Prior art grinding and polishing techniques must be limited in speed to prevent internal stress build up and other damage, particularly when applied to large optics for observatories, and the like, that require perfection measured in the wavelengths of light. The speed of the abrasive relative to the work surface is limited by the mass of the abrasive tool or lap that supports the abrasive and applies it to the surface.
Previous approaches also suffer from the relatively unyielding pressure between the abrasive and the work surface. High spots can result in substantial forces and heat generation, certainly against a hard abrasive, but also against the softer materials employed in a lap. Internal stresses from the resulting heat and strain have long term deleterious effects. Previous approaches also suffer from the stringent requirement to rigidly support the workpiece being shaped, without significantly distorting it. This necessitates strain free holding fixtures which workpiece during the grinding and polishing process. If the holding fixture is not strain free, the shaped surface may "spring" when the workpiece is removed from the holding fixture, resulting in a misshapen surface. Furthermore, the holding fixtures of the prior art need to tightly constrain the position of the workpiece against lateral forces generated by the grinding and polishing steps, since even slight shifting of the workpiece during grinding or polishing will result in a misshapen surface.
The present invention is directed to overcoming one or more of the problems set forth above, and to improving existing processes and apparatus for shaping optical surfaces such as optical glass. Briefly summarized, according to one aspect of the invention, a method and apparatus are provided for shaping a hard surface by directing a high-velocity stream of gas and particles through a nozzle exit to impinge with sufficient force upon the surface to remove material from the surface.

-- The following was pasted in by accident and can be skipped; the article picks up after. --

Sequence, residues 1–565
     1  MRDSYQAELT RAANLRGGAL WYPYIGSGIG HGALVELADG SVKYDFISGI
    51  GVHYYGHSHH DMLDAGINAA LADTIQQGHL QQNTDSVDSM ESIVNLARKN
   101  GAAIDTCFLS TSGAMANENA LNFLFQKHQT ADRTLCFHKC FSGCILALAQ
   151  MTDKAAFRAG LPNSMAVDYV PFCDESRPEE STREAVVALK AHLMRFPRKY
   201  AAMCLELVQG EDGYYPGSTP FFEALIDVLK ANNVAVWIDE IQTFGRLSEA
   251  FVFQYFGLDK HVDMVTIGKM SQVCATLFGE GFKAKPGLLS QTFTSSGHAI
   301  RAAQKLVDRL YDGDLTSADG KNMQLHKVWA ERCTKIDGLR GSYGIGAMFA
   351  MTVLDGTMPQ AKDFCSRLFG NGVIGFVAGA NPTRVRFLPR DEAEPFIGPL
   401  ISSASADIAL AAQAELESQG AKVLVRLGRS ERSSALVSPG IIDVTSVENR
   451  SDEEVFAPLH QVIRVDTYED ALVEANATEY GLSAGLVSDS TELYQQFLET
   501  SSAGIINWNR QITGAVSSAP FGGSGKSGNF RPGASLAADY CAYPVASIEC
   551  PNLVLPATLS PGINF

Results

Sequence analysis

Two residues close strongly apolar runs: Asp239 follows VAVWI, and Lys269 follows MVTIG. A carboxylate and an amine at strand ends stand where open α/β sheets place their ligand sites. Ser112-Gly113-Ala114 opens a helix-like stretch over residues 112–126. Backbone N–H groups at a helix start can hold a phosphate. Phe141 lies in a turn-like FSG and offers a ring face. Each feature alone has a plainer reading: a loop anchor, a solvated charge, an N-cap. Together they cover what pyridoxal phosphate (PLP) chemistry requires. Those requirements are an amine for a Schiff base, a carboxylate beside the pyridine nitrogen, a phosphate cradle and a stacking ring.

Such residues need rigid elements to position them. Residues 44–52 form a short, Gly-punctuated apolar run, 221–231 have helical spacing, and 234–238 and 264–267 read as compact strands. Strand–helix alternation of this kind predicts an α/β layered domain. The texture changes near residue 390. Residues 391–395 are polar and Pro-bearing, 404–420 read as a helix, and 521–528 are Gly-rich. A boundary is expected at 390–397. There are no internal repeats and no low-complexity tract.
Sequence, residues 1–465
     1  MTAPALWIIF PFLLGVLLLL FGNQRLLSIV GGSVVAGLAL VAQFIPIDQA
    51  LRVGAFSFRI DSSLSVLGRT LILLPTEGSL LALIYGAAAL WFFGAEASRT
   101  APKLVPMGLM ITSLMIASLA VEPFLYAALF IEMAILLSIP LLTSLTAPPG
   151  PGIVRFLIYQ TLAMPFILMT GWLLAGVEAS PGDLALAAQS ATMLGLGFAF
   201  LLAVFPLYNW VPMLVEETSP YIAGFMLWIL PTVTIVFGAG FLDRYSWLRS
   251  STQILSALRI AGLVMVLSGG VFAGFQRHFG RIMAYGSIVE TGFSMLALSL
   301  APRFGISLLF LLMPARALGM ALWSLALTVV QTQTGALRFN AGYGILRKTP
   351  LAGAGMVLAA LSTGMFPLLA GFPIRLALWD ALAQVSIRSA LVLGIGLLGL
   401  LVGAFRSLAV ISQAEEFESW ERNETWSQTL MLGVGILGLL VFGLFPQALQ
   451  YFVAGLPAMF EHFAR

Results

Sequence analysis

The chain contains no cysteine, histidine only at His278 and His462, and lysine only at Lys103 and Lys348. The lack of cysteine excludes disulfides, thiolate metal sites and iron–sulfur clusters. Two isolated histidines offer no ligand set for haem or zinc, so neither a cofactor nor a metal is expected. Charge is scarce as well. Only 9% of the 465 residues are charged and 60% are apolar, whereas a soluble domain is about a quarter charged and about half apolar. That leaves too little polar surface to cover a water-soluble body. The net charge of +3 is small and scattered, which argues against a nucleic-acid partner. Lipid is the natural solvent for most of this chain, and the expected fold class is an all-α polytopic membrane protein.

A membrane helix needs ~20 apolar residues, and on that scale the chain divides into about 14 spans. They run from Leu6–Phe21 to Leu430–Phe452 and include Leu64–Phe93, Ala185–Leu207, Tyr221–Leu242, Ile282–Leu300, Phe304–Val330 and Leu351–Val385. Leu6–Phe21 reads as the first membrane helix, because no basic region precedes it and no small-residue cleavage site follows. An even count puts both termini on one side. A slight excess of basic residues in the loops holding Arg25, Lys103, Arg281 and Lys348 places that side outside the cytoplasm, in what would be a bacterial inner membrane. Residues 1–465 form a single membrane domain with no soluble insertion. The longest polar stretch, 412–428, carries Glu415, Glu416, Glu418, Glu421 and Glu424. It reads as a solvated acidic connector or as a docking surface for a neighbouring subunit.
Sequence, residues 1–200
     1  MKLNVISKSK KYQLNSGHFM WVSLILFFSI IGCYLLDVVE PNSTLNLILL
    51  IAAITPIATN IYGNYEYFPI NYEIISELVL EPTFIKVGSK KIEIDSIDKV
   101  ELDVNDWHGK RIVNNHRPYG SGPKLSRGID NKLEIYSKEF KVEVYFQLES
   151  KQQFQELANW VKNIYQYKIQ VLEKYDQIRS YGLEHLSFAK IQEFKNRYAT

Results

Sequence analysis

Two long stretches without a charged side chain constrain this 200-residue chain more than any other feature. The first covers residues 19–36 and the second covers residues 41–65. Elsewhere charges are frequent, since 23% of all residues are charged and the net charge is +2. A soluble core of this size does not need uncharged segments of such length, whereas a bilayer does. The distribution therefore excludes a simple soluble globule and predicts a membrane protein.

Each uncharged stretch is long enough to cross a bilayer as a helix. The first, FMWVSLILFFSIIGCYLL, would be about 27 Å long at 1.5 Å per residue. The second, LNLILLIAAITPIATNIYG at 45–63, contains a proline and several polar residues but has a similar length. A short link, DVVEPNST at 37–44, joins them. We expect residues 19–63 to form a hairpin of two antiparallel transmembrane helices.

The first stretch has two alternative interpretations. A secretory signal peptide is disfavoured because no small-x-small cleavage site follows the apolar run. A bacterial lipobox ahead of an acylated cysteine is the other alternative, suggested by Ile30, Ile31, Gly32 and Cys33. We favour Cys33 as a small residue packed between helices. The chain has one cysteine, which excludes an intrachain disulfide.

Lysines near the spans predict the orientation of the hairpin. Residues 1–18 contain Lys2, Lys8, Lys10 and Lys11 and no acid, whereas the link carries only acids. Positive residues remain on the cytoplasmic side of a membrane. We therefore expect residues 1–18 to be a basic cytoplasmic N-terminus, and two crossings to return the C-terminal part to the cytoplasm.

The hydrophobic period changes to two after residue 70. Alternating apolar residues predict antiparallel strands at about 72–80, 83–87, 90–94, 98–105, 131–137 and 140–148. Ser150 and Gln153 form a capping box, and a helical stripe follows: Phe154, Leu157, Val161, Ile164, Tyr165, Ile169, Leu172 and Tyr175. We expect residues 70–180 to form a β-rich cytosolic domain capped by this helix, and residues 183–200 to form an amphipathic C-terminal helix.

According to a preferred embodiment of the invention, the abrasive gas mixture comprises #60 garnet in air, and the stream is scanned transversely to the optical surface, in order to achieve controlled global shaping of a large surface using a relatively small (1 to 10% of the diameter of the workpiece), controlled jet.
These and other aspects, objects, features and advantages of the present invention will be more clearly understood and appreciated from a review of the following detailed description of the preferred embodiments and appended claims, and by reference to the accompanying drawings.
The shaping method of the present invention relieves the necessity for providing a strain free support for the workpiece because the rate of removal of material from the surface of the workpiece is relatively insensitive to the distance from the surface of the workpiece to the nozzle. Hence, if the workpiece sags under gravity, the sag will not appreciably affect the final surface figure of the workpiece. Additionally, since the method of the present invention does not result in lateral forces on the workpiece, the need for a holding fixture for tightly constraining the workpiece against lateral force is also relieved.